Beauty Tips from Our Grandmothers

Beauty Tips From Our GrandmothersSocial media can really bring out the worst in people.

A friend posted an article about direct sales, which led to some discussion about whether or not direct sales organizations are worthwhile, which led to someone getting snarky and insulting women who dress for comfort rather than professional style. I rolled my eyes so hard they got stuck for a sec, then I wondered: “From where have we come and how did we get here?”

Somehow over the last 50 years or so women everywhere have become accustomed to looking “put together.” Blame the media or the patriarchy or Donald Trump, but the fact is that we’ve done this to ourselves. Our focus has become appearances rather than the important work of mothering. Whether you stay at home, work from home, work part-time, or work full-time outside the home or any combination of these, our number one priority is rearing our little people. We want to teach them and help them grow and become better than we are.

We want to make the world a better place by raising the leaders of tomorrow, amiright?

I’m a bit of a history buff. When the opportunity arose to research my family tree, I spent hours upon hours scouring the internet, digging through records at the library, and searching my mom’s basement for pictures, letters, stories, and items from my family’s past.

Would you like to know what I found?

Strong women who worked hard to keep their families afloat. Women who didn’t finish high school, never drove a car (well, drove a car once, ran it into a brick wall, and then swore never to drive again), and yet passed on incredible wisdom to those who came after them. I found aprons, bonnets, handwritten recipes, newspaper articles (one of my grandmothers was quite the writer!), well-worn bibles, and even a snuff can or two. I found pocket knives, coupons, thimbles, and simple jewelry.

What I didn’t find was women who cared one bit about fashion.

These women had one good dress for church on Sunday and perhaps a tube of lipstick. My maternal grandmother wore work pants and men’s flannel shirts because she spent her days growing the most incredible vegetable garden I’ve ever seen. When diagnosed with breast cancer, she said “cut those things off. I don’t need ‘em anyway.” This is a woman who, at the age of 76 had a massive stroke while working in the yard and spent the next several years in and out of nursing homes, working and fighting to get back to the garden she loved so much. This is a woman who had one daughter and 17 years later gave birth to a stillborn son. My mamaw worked in the tobacco fields until she was nearly 70 and I would choose to spend a day with her over any of the best-dressed, most sophisticated women on the planet. I was only 19 when she passed away and I now long to have the knowledge she could have shared with me if only I’d taken the time to listen. I think of her every time I use her cast-iron skillets or sit on the front porch breaking beans during the summer.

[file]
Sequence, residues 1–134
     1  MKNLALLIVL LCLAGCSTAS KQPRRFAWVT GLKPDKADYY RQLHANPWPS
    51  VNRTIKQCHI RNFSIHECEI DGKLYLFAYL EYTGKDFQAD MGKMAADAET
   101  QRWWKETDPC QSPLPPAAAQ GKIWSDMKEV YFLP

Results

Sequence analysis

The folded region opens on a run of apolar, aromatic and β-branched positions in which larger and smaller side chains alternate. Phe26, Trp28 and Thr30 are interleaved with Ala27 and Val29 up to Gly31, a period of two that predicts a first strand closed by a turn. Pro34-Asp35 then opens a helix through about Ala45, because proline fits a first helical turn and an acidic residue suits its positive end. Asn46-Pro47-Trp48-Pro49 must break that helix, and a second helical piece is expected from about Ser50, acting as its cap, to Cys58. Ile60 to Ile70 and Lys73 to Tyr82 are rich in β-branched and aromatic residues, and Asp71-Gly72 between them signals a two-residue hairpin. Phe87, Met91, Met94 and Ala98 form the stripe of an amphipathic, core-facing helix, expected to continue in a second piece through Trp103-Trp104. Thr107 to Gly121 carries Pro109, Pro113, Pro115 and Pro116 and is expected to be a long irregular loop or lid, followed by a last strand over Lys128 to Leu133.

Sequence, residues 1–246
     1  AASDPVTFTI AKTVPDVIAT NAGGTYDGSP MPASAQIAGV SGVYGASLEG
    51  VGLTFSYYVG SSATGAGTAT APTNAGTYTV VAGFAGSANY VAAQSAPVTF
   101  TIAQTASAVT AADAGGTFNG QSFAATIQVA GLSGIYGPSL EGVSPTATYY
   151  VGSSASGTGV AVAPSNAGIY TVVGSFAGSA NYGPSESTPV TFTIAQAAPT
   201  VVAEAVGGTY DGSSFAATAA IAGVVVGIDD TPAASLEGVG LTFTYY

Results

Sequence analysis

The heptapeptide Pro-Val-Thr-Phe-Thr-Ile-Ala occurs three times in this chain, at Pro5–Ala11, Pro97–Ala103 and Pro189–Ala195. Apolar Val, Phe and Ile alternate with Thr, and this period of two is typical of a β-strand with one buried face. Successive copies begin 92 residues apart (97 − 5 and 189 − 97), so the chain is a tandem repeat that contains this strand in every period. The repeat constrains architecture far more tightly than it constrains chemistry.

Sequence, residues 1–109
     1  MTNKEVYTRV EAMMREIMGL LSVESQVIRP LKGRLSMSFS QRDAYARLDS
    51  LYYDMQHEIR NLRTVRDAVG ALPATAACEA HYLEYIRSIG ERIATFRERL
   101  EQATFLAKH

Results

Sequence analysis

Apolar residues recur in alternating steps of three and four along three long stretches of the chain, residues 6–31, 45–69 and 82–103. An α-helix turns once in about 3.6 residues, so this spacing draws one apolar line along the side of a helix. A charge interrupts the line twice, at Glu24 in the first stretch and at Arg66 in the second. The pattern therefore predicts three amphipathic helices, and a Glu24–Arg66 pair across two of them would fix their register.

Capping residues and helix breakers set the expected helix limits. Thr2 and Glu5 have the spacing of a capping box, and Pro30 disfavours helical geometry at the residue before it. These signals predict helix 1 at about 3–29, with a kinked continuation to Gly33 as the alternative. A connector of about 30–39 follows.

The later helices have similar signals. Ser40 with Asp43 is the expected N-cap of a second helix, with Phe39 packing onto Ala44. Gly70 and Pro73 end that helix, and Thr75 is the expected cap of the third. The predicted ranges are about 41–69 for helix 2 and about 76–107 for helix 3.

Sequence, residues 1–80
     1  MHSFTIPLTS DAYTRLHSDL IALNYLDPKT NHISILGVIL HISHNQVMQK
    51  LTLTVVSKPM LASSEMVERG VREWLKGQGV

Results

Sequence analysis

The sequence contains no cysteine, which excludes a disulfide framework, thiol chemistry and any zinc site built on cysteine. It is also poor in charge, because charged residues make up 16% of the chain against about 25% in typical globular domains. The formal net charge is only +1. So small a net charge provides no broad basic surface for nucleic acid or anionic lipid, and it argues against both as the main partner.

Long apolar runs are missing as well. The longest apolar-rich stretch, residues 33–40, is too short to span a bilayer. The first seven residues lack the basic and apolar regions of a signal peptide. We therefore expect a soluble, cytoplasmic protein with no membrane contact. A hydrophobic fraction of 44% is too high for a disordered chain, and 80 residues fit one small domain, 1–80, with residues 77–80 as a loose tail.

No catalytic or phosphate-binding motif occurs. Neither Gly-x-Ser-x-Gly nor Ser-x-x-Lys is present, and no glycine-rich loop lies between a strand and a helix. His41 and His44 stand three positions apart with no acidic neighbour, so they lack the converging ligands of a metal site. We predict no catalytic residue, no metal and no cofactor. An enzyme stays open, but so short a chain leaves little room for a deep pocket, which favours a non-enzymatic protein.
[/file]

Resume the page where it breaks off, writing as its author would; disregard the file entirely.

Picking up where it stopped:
My paternal grandmother did graduate from high school. I have her high school yearbook from the year 1932. She was a writer, a devout Lutheran, and quite the influential member of the Midway, Tennessee community. She wasn’t able to have children, so she and my papaw adopted my dad. An orphan born in Middlesboro, Kentucky, my daddy was brought to Greene County by way of the “orphan train” through Knoxville. Mamaw Georgia Mae took him in and took what could have been an absolute juvenile delinquent (my dad was a bit of a trouble-maker!) and turned him into the county 4H Public Speaking Champion. She was a big, strong woman; smart and well-spoken during a time when most women were not any of those things. She used all of her talent and ability to raise a good man. She did it without makeup or fancy clothes or – for many years – even an indoor bathroom. She served her family with love and worried little about how she looked doing it.

Is it wrong to want to look nice? Absolutely not. Looking pretty, however, isn’t what we’re here for.

I only have so many hours in the day and so much mental energy to expend, so when it comes down to it, my hair and makeup probably aren’t going to make the list of things to worry about. I wear clothes that allow me to do my job(s), which on any given day is cook, cleaning lady, nurse, teacher, coach, personal assistant, manager, writer, tour guide…gracious that list could go on forever. I am not a fashion model or pleaser-of-people — especially people who would take one look at me in my active wear with snot on my sleeve and think less of me.

So ladies, you rock your activewear or LuLaRoe or Target yoga pants and do the good work of mothering. Your grandchildren will be much more interested in how you ever survived without internet than what you wore to a PTA meeting.

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